Commissioners Braswell, Pope Ask School Board Chairman For Answers

One day after DeVan Barbour, Vice Chairman of the Johnston County Board of Commissioners, criticized Larry Strickland, Chairman of the Johnston County School Board, for the handling of school funds and refuting claims made by Strickland last week, Cookie Pope, a member of the Board of Commissioners weighed in on the controversy on Tuesday. 

Johnston County Commissioner Cookie Pope. Photo courtesy John Payne
Johnston County Commissioner Cookie Pope. Photo courtesy John Payne

County Commissioners have expressed concern after a Feb. 5th News & Observer article indicated $520,000 in county tax dollars would go towards the pension of retiring superintendent Dr. Ed Croom. Commissioner Chairman Tony Braswell said he and other board member knew nothing about the pension payment until the article was published.  Braswell said he and others commissioners have asked Strickland when he first knew about the funding issue and why commissioners were never notified.  He says he has not gotten a direct answer.

Strickland did not address those questions specifically, but did indicate school leaders had used taxpayers money wisely and had even returned $20 million to the county to prevent commissioners from having to raise property taxes.  Barbour denied the claims Monday saying a tax increase had never been discussed in his 11 years on the board, and revealed for the first time a savings account the school system had in 2009 that contained approximately $40 million. While that money was sitting in a bank account, Barbour said school leaders, including Strickland, came to commissioners seeking to borrow $30 million due to cost overruns for the construction of two high schools.  Barbour said the school board never told commissioners about the $40 million in cash reserves, and only admitted to having the money on hand after commissioners uncovered school system financial records.        
In an exclusive interview Tuesday with WTSB, Commissioner Pope weighed in on the controversy for the first time. “It is difficult for hard working men and women to understand how the Johnston County School Board could give a retiring superintendent $520,000 as a pension boost at the expense of the taxpayers.”

Pope said her phone has been ringing off the hook since the story first broke. “Yes, they are calling me and other Commissioners to express their concerns.”

“Teachers and parents supplement classroom needs, and the salary of teachers begs for improvement, while the school board places a retirement package as a priority.  That is difficult to understand,” Pope said.

“The School Board does not need to blame it on the County Commissioners when they try to explain why teacher supplements and other items are not included in their upcoming budget. We all know better. The County Commissioners have worked hard to fund educational needs,  keep the tax rate constant and the fund balance healthy for a strong bond rating…and will continue to do so. The taxpayers of this County are wise, frugal and prudent.  They are not easily fooled or duped when it comes to how elected officials spend their money.”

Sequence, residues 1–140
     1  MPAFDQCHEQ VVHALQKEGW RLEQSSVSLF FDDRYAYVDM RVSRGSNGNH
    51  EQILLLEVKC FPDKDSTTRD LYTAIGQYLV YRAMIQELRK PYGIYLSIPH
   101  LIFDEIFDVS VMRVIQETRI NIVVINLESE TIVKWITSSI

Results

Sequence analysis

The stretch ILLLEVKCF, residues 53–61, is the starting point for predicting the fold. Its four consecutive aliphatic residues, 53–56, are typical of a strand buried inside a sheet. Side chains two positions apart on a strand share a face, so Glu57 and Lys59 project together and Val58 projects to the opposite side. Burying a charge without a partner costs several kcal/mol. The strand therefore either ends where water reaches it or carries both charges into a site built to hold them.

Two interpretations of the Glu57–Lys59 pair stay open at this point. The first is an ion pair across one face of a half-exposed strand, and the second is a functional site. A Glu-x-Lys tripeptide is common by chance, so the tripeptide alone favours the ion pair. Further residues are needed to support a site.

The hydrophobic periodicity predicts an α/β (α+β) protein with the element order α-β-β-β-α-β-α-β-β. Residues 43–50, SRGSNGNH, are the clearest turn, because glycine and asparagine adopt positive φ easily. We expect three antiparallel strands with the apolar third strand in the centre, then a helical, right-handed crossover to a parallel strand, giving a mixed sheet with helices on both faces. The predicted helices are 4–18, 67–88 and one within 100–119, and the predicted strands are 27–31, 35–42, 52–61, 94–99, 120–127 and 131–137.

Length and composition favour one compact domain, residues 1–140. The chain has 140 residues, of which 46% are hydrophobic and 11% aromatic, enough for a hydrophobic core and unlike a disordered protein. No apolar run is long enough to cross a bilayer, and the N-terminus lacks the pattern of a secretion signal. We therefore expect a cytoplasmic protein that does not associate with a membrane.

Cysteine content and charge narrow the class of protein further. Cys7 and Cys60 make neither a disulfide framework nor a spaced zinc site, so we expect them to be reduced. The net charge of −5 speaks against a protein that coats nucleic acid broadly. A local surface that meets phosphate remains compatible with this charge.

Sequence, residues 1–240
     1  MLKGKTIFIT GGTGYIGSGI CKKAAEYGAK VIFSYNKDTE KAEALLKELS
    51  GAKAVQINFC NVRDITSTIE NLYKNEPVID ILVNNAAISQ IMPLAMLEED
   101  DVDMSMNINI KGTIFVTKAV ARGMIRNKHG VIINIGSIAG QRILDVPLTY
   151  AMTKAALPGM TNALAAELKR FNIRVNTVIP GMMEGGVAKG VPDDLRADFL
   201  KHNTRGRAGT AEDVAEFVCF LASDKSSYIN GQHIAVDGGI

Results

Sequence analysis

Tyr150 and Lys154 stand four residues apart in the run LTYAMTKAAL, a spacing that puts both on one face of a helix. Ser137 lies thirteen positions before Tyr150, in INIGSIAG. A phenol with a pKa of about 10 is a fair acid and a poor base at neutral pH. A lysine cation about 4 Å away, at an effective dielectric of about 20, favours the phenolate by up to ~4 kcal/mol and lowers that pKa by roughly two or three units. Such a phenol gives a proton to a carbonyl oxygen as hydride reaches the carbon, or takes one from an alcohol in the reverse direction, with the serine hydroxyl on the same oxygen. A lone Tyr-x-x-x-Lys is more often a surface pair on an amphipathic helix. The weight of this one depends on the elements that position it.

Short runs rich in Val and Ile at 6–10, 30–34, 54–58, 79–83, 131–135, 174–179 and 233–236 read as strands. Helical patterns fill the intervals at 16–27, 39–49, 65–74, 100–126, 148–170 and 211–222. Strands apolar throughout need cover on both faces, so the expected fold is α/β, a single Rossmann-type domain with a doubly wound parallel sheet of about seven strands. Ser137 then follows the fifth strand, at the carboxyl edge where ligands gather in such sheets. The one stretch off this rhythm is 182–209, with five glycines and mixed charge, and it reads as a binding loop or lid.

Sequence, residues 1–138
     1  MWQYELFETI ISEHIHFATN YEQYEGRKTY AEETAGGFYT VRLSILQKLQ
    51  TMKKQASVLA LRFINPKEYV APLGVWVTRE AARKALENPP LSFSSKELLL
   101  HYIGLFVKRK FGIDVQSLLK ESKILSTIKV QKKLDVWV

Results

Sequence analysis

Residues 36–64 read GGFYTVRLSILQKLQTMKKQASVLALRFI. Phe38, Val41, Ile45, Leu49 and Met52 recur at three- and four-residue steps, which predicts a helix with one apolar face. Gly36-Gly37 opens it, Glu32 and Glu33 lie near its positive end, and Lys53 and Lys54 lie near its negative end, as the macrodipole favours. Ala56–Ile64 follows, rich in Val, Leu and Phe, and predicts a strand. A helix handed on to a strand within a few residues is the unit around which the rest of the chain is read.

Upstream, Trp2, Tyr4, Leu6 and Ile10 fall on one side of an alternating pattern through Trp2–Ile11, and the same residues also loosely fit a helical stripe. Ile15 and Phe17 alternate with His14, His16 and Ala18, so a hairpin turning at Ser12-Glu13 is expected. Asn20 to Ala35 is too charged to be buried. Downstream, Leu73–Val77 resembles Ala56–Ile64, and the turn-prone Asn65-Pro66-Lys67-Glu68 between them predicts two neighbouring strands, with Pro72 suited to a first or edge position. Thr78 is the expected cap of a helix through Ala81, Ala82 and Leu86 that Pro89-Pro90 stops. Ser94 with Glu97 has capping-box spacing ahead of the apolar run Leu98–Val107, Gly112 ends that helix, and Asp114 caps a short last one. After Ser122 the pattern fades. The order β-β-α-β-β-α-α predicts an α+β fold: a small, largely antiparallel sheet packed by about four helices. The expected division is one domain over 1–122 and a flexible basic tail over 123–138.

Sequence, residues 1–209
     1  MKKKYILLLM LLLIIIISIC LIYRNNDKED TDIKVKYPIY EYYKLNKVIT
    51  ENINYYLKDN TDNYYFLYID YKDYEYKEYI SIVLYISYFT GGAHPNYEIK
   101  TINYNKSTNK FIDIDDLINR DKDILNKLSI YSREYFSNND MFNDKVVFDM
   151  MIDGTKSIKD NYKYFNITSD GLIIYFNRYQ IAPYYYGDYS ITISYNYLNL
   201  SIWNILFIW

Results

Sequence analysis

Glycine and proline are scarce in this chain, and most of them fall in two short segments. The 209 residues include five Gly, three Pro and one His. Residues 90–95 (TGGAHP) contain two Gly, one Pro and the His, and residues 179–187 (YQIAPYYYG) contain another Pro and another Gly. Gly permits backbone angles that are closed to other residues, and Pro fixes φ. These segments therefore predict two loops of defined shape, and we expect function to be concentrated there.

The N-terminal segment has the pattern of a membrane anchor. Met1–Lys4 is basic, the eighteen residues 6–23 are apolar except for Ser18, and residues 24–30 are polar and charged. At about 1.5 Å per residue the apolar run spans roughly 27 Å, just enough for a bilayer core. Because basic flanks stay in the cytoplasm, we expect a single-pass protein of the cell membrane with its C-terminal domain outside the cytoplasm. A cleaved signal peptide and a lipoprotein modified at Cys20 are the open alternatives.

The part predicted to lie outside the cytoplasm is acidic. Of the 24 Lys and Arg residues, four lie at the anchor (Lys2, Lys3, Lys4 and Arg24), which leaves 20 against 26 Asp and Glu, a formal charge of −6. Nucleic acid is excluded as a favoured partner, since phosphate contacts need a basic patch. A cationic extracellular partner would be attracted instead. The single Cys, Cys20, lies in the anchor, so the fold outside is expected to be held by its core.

“Chairman Strickland needs to answer the questions by telling the citizens of Johnston County what he knows about the pension bonus, when he first learned of it and why he never told the taxpayers and Commissioners,” Commissioner Pope said.   

Last week, Chairman Braswell indicated the lights were on at the board of education but no one was at home, referring to his concerns about the management and spending priorities of school leaders.  After the comments were made, Chairman Strickland requested an apology.

Braswell did not issue an apology Tuesday afternoon, but did join Commissioner Pope in asking when did Strickland first learn about the Superintendent’s salary issue and why were no county commissioners notified.   

“The stage was set and the characters were casted when one day after a retirement story appeared in the N&O and WTSB, the following statement was released “This is political, this would not be a news story if there was not an election taking place. I hope the people can see through this,”  Braswell said referring to comments made last week.    

“Since then there has not been any information or explanation given by anyone.  All we have seen is a personal attack of me and a false narrative of the counties fund balance.  Let me be perfectly clear, neither the county commissioners or myself had any knowledge, participated, leaked, or in any other matter had anything to do with the content or facts of this story.”  

“With that said, we need to end this madness, close the book on this issue now.  Again we are asking Chairman Strickland what is the timeline, how did all this start and what did Senator (Brent) Jackson mean when he stated he was not made aware of all the facts and if he knew the whole story he would not of done this?  I sincerely believe the people deserves an answer. Yes I do believe the people can see through this, simply portraying me, as the villain just is not going to work.”

Commissioner Chairman Braswell and School Board Chairman Strickland are both running for the NC House District 28 seat subject to the March 15th primary. A third Republican candidate is also running for the office.